President Trump is considering stretching his presidential powers even further by declaring a national emergency to build his border wall.
But he just undermined his case that it’s actually an emergency.
Speaking to reporters in the Oval Office on Wednesday, Trump said that he has the “absolute right” to declare an emergency. Then he was asked what would make him take such an action. “My threshold will be if I can’t make a deal with people that are unreasonable” on the partial government shutdown, he said. He added at another point of the negotiations: “Otherwise we’ll go about it in a different manner,” but “I don’t think we’ll have to do that.”
Importantly, this is the first time Trump has explicitly said the national emergency declaration is his backup plan. It has been clear that it was a conveniently timed alternative that could be invoked in the absence of a deal to fund the wall and end the shutdown. But the White House could have argued that it was still deliberating about the legality of such a move — or even that it was still considering whether it was appropriate. Here is the president acknowledging that such a declaration is basically a strategic option.
Which doesn’t exactly bolster the idea that there is a true emergency on the southern border. To be clear, that’s a proposition that was dubious to begin with — given that the level of illegal immigration is way down from its peak in the early 2000s and also given that Trump and his administration have repeatedly misstated basic facts to support their case. But Trump has now admitted that his decision relies not on whether it’s actually an emergency, but on whether such a declaration is needed politically and legally to build the wall.
That doesn’t necessarily preclude the idea that there is an emergency, though; we certainly have had other emergencies that weren’t met with national-emergency declarations. Yet there are a couple of logical holes in that argument. The first is that, if it’s truly an emergency now, time is of the essence, and it would undoubtedly be better just to declare the emergency so it can be dealt with posthaste. The second is that the shutdown hinges on just more than $5 billion of border-wall funding, which is enough to build only a fraction of the wall. If there is truly an emergency, isn’t the entire wall needed now?
Those, of course, are questions about the logic behind Trump’s thought process. What’s more pertinent here is the legal questions — especially given that the emergency declaration would definitely be challenged.
But whether it’s genuinely an emergency is also important, as my colleague Fred Barbash reported Tuesday:
In 1976, Congress enacted the National Emergencies Act, which authorizes the president to declare emergencies for a variety of purposes — great and small — but offers no definition of emergency.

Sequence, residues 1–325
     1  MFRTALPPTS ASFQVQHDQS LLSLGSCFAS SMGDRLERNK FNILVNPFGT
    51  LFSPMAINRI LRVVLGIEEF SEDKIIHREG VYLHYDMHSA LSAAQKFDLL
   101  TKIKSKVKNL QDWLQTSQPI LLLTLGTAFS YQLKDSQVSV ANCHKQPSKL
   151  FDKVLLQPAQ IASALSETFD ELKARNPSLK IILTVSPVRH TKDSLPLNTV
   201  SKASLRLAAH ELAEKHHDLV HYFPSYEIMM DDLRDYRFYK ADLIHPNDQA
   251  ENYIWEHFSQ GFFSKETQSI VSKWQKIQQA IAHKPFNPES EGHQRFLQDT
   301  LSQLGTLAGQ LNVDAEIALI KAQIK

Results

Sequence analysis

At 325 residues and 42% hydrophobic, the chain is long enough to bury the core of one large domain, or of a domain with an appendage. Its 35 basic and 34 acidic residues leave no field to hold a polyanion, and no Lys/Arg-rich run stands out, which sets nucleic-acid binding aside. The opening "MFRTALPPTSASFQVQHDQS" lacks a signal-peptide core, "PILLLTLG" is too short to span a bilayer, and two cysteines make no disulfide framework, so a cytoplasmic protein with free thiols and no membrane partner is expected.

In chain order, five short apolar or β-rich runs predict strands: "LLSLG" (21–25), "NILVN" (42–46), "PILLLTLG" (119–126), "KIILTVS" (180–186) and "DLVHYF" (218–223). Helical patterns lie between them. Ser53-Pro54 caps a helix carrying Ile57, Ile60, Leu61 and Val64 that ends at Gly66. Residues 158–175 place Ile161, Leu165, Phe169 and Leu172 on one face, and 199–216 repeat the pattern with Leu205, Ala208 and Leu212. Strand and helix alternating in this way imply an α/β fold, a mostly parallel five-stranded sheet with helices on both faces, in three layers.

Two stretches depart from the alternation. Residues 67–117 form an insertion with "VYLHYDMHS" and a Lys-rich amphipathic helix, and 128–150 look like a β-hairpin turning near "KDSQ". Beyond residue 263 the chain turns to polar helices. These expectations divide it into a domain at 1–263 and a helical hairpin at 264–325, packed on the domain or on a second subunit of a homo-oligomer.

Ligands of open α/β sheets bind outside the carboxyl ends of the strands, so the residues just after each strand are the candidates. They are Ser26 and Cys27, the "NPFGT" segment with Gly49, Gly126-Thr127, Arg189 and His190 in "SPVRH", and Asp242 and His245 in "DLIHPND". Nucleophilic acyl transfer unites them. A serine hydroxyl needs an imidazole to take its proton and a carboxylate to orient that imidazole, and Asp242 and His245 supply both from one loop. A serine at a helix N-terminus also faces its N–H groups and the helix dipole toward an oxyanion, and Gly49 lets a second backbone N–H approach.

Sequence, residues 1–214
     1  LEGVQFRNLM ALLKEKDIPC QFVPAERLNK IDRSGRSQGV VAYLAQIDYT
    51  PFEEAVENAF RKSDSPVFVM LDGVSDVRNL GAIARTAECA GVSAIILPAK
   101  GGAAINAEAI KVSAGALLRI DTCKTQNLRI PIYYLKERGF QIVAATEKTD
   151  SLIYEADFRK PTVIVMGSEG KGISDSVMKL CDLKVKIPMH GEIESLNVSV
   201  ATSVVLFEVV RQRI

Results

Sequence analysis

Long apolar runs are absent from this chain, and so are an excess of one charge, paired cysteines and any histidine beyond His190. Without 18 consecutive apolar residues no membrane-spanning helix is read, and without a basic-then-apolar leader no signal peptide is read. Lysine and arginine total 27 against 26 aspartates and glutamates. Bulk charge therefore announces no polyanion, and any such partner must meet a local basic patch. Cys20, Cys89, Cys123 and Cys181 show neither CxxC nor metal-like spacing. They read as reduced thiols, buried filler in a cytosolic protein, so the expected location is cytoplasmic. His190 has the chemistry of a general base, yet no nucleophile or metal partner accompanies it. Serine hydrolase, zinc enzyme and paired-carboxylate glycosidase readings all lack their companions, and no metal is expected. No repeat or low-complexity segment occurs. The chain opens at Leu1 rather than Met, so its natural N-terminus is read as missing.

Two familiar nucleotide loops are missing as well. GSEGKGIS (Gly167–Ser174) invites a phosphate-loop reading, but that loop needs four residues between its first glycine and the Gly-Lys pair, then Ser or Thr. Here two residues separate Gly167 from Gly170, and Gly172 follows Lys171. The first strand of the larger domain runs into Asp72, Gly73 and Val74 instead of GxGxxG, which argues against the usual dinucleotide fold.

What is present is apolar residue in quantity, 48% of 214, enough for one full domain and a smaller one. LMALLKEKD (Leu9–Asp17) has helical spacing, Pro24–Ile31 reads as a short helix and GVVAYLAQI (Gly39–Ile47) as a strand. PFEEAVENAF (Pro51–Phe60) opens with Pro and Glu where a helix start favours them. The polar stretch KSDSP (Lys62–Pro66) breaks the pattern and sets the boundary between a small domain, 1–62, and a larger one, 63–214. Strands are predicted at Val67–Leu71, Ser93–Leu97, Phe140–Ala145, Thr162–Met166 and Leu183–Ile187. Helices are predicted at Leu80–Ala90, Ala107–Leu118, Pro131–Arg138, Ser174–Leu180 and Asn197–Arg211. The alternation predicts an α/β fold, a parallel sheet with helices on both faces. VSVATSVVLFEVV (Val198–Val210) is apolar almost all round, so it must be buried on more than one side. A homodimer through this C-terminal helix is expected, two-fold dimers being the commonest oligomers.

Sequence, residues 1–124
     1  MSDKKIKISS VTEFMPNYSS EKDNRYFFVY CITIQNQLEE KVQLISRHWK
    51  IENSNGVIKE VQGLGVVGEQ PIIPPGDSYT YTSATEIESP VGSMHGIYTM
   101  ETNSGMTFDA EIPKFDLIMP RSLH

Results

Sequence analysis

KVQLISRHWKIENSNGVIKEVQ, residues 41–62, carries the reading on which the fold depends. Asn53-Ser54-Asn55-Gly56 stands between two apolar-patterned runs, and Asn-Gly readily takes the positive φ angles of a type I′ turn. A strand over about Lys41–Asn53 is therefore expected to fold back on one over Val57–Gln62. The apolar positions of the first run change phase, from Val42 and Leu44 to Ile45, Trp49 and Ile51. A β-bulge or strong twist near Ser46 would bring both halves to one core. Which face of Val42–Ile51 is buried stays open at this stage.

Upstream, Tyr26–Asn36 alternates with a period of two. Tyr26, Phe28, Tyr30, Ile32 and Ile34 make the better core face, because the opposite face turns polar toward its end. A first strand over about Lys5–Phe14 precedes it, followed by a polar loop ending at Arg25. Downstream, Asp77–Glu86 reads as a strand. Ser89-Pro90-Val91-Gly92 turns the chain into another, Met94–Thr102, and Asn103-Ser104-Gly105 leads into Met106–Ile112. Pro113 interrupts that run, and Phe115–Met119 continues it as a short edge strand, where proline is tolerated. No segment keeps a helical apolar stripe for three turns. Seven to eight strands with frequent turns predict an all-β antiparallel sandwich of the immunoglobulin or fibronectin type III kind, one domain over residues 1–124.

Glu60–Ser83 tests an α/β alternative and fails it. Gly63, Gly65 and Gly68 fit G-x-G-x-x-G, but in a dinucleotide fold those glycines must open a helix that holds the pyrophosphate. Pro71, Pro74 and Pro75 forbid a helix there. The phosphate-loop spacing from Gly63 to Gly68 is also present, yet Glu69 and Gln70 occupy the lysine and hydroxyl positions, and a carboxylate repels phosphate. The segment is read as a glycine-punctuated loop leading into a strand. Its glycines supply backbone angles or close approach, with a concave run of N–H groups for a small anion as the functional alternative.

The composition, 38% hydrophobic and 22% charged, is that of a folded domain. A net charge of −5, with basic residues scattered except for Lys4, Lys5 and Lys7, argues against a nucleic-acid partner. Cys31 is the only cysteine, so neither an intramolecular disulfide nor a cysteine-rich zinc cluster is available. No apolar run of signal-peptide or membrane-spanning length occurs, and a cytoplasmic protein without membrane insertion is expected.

Any court battle would probably be fought around that definition and its validity, according to Walter Dellinger, head of the Justice Department’s Office of Legal Counsel during the Clinton administration.
That office, which advises the president on constitutional issues, “has an obligation to determine that there is actually a basis” for a declaration of emergency “and to resign if there is not.” It would be “a critical moment for the rule of law” both for them and the attorney general, Dellinger said.
Bobby Chesney, a professor at the University of Texas School of Law, agreed that much would depend on how the Trump administration defines “emergency” and whether the claim is convincing to the courts.
“I think most of us fully understand there is no emergency,” he said. “But it doesn’t follow that everyone will see it that way.”
I followed up with Chesney and another expert to see whether they thought Trump’s comments could affect the legal case.
“The short answer is, yes, I think this and other statements and actions by the president have undermined his argument that a genuine national emergency exists,” said Cornell Clayton of Washington State University. “Emergencies, by definition, are events beyond the control of ordinary political processes.”
Chesney said he has "no doubt that if litigation arises, this will be a quote that the plaintiffs would use. That said, it’s easy to imagine the administration responding that they have thought it an emergency all along but just didn’t feel the need to take the formal step of a declaration until negotiations failed.”
Chesney added that another important question for the legal case, beyond whether there’s an actual emergency, would be whether it’s one that involves military necessity. The latter is required for getting the funding to address the emergency.
“That likely will be the weakest link, and the more it becomes clear that Trump is merely turning to this tool out of convenience to get a result he happens to want as a matter of ordinary policy and politics, the more space he creates for the courts to make the bold move of rejecting his factual characterization,” Chesney said.
Trump’s comments about his true motivations for certain actions have regularly upended the White House line and risked undermining his legal team’s defenses. One of the biggest questions hanging over his presidency is how they might play into special counsel Robert S. Mueller III’s Russia investigation and the possibility of obstruction-of-justice charges — particularly when it comes to admitting that he fired FBI Director James B. Comey with the investigation on his mind.
These latest comments may never doom a national-emergency declaration. But they do make clear — in case it wasn’t already — that Trump formulating this plan at this particular moment in time is no coincidence, and that it probably has less to do with circumstances on the border than in Washington.